Jamila Wignot Shows the Good, the Bad, & the Ugly of American Society

​​9 years ago today was the release of Town Hall, a fascinating documentary created by the incredible Jamila Wignot.

Jamila Wignot is an American filmmaker and producer known for her informative and impactful documentaries. Town Hall, released in 2014, was the first feature-length doc that she directed. The film offers an inside look into the worlds of Katy and John, two Tea Party activists in rural Pennsylvania. The film follows the two of them as they attempt to create a grassroots movement to prevent Obama’s re-election in 2012. Though the viewpoints of the subjects are controversial and often outright hateful, Jamila clearly did not make the film to support those views. Instead, with Town Hall, she offers those of us on the other side a rare chance to try to understand why radical conservatives think the way they do. 

In 2021, Jamila directed Ailey, another documentary about the choreographer Alvin Ailey, one of America’s most well-known Black choreographers. Mixing archival and contemporary footage, Ailey chronicles Alvin Ailey’s life from his teenage-hood to his tragic death from complications from AIDs at the age of 58. 

In Ailey, Jamila shows how Alvin Ailey inspired other Black dancers and, in particular, created a special space within the dance community for Black women.

Alvin Ailey was an incredible and unique choreographer, but he was also an activist, and he employed Black dancers at a time when it was hard for them to find work. Ailey is inspiring and profound in as many ways as Alvin was as a person. In a review of the film, FF2 contributor Nicole Ackman states, “Alvin Ailey is not only an important figure in the dance world, but in both American and world culture more generally. In Ailey, Jamila shows how he inspired other Black dancers and, in particular, created a special space within the dance community for Black women. While the work of the AAADT keeps his legacy alive today, this documentary is also a fitting tribute to him as an extraordinary man as well as a great artist.”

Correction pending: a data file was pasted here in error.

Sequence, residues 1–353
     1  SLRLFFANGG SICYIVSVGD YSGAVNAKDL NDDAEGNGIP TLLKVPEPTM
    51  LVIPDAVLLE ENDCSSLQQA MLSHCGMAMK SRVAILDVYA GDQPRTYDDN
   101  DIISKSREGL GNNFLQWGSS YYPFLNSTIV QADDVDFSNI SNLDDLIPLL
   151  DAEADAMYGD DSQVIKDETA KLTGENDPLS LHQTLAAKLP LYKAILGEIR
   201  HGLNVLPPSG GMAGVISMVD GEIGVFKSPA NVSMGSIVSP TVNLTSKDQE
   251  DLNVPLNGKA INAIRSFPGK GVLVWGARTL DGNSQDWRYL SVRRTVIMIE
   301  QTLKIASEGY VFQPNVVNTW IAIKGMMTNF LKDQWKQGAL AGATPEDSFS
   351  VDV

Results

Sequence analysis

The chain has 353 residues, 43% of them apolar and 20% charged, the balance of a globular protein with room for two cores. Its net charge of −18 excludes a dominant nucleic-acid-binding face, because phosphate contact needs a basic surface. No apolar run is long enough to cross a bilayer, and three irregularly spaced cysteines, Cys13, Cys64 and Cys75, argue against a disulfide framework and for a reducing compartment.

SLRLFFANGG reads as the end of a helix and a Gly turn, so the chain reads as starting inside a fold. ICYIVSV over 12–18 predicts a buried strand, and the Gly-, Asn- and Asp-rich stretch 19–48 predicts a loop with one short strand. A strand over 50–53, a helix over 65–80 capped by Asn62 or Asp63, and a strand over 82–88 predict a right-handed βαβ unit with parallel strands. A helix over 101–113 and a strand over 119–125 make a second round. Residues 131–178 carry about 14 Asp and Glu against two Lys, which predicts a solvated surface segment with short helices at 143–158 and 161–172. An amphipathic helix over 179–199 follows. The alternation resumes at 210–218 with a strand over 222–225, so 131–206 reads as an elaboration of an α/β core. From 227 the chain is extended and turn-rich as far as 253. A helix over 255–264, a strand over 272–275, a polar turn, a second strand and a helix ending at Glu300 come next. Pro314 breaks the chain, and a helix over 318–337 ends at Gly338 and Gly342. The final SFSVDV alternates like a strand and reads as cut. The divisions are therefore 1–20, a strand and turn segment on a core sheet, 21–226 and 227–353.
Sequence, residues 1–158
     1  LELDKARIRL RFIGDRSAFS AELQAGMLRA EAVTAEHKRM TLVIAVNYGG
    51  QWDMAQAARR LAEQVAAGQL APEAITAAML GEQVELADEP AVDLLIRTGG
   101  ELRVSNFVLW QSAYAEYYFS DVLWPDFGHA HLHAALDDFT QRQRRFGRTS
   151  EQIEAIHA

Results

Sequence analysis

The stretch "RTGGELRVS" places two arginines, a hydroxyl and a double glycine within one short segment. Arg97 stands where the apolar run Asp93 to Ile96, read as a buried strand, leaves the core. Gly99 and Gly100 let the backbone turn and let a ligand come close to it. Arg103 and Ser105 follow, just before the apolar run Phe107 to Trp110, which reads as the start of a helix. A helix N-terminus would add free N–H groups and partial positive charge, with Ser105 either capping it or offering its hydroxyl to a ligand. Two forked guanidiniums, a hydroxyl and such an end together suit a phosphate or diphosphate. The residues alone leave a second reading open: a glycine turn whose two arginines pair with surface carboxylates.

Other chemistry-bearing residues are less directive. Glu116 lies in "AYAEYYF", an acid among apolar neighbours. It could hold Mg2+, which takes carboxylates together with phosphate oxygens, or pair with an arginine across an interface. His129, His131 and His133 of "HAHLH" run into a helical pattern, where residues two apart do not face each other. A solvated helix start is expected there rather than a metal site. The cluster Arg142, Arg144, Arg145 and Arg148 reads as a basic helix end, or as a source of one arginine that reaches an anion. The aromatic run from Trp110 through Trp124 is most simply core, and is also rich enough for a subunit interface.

Jamila has also produced for several important films and TV series; most recently, she was the producer for Riotsville, U.S.A, a film which explores the militarization of police in the 1960s in “Riotsvilles,” Army-built towns where police were trained to respond to civil unrest. As with Town Hall, the content of Riotsville can really be hard to watch, and was likely challenging to make for Jamila as a filmmaker. However, it also provides necessary information as to what was really happening on the other side of the protests in the 60s. 

With a tenacious commitment to informing society about the most important topics in the US—the good, the bad, and the ugly—Jamila is a truly heroic filmmaker. 

© Julia Lasker (5/31/2023) FF2 Media


Read Nicole Ackman’s review of Ailey here.

Learn more about Riotsville, USA here.


Featured Photo: Jamila Wignot at Ailey‘s 2021 Opening Night Gala. Photo by Donna Ward obtained from Alvin Ailey Dance Foundation, Inc. All rights reserved.

Bottom Photo: A scene from RIOTSVILLE, USA, a Magnolia Pictures release. Photo courtesy of Magnolia Pictures.

Tags: ailey, alvin ailey, Black Activists, Choreography, documentary filmmaker, female documentary filmmaker, Female Filmmaker, Jamila Wignot, Riotsville U.S.A, Tea Party Activists, Town Hall

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As an associate for FF2 Media, Julia writes reviews and features for films made by women. She is currently a senior at Barnard College studying Psychology. Outside of FF2, her interests include acting, creative writing, thrift shopping, crafting, and making and eating baked goods. Julia has been at FF2 for almost 4 years, and loves the company and its mission dearly.
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